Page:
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Queering Pan-Americanism: Sexuality, Politics, and Performance in Tulio Carella’s Recife Diaries, 1960-1961
April 20, 2015 @ 3:30 pm - 5:00 pm
Resident Fellow (2014-2015)
Spanish & Portuguese, UW-Madison
This presentation focuses on the diary Argentine playwright and theater professor Tulio Carella (1912-1979) wrote during an 18-month stay in Recife, Brazil, in the politically charged period leading up to the 1964 coup. The apprehension of the manuscript (published a few years later as Orgia) by the military deployed additional fissures to Carella’s writing of exclusion and pain, and provided further evidence that private practices were receiving political significance at a time of growing repression in South America. In this paper I undertake a critical reading of the extensive changes Carella made to his text upon his return to Argentina, including the framing of his Recife experience in terms of politics, a gendered performance, and his particular take on Pan-Americanism.
The larger project calls for a rethinking of the entire approach to Carella’s writings. A reconsideration of his contributions should begin with the exact reason(s) behind the virtual ignorance Orgia has been relegated to in Argentina, Brazil, and elsewhere. Carella’s Recife writings and his entire Brazil experience touch on too many issues that are central to contemporary theory to have been so blatantly ignored by scholars of gender, race, liminality, and theater and performance.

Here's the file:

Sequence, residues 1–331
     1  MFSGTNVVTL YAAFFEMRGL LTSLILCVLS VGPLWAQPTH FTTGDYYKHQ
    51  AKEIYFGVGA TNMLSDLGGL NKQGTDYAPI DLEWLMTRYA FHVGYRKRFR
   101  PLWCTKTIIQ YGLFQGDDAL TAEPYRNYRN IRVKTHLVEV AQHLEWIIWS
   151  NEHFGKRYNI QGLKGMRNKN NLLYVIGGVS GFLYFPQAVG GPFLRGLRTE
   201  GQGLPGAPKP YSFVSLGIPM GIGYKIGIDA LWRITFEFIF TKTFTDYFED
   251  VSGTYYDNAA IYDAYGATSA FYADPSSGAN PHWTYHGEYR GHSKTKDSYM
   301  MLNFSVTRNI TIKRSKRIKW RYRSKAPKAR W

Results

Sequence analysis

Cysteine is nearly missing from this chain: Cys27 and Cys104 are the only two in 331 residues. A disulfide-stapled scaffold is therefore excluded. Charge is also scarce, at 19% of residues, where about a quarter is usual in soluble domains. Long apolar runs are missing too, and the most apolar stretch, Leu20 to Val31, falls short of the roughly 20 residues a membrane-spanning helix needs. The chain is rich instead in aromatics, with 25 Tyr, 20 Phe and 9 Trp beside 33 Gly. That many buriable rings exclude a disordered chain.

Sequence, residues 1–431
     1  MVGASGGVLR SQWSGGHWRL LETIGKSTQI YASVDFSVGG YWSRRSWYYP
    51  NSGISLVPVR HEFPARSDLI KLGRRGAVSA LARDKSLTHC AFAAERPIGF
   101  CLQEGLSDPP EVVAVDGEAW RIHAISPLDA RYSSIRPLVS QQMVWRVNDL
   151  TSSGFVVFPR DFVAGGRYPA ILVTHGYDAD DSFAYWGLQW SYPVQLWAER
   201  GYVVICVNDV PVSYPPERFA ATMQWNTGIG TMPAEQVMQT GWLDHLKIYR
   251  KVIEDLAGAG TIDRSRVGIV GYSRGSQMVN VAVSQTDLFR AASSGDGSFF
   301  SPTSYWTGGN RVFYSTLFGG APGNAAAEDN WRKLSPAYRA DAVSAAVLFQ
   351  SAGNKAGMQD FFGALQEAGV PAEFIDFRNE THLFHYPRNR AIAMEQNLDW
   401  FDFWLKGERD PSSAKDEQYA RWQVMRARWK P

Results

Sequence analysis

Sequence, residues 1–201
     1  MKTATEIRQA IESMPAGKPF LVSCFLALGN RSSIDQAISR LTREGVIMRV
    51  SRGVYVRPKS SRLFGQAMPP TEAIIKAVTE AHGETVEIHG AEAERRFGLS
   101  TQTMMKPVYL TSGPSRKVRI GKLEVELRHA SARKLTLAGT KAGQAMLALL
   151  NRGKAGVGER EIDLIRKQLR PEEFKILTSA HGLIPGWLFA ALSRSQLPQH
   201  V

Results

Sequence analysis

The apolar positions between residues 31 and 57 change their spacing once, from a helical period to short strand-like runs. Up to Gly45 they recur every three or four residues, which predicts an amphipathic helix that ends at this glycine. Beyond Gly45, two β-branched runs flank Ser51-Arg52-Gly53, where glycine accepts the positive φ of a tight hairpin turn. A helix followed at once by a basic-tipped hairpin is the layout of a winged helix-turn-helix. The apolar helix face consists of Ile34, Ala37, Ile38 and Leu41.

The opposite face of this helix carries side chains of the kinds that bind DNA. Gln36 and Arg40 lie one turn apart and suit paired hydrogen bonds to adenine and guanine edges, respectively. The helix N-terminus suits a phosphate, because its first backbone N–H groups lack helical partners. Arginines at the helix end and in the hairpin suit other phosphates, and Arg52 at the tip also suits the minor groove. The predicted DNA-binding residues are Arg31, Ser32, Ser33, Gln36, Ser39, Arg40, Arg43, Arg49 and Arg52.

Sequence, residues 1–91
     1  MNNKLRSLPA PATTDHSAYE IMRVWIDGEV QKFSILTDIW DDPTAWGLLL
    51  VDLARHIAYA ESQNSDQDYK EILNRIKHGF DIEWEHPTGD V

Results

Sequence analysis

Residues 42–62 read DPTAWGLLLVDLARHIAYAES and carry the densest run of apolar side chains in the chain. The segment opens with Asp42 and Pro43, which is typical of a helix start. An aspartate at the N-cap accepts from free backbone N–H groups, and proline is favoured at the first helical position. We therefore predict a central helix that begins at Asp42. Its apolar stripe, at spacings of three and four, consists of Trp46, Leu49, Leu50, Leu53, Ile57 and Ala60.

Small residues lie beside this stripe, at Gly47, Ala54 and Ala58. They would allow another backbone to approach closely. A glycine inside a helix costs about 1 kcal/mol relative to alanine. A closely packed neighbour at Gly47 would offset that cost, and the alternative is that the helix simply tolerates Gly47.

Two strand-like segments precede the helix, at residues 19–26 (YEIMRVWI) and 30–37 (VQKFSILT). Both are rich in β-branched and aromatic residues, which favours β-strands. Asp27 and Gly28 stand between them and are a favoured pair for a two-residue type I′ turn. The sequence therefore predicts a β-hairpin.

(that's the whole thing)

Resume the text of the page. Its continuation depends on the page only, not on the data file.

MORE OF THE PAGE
Severino J. Albuquerque is a Professor of Portuguese at UW-Madison, where he teaches graduate and undergraduate courses in Portuguese language and Brazilian literature and culture. His main area of research is contemporary Brazilian theatre and gender. He is the author of Violent Acts: A Study of Contemporary Latin American Theatre (1991); Tentative Transgressions: Homosexuality, AIDS and the Theater in Brazil (2004); editor of Joaquim Nabuco e Wisconsin: Conferências nos Estados Unidos (2010); and co-editor of Performing Brazil: Essays on Identity, Culture, and the Performing Arts (2015). He has also published numerous articles in journals and critical anthologies. He is co-editor of the Luso-Brazilian Review (Brazilian literature and culture); Brazilian theater and drama editor for the Handbook of Latin American Studies of the Library of Congress; and an editorial board member of the Latin American Theatre Review. Albuquerque’s book, Tentative Transgressions, was the recipient of the 2005 Roberto Reis Award of the Brazilian Studies Association (for best book on Brazil published in English between 2003 and 2005) and the 2008 Elizabeth Steinberg Award for best book published by the University of Wisconsin Press between 2003 and 2008.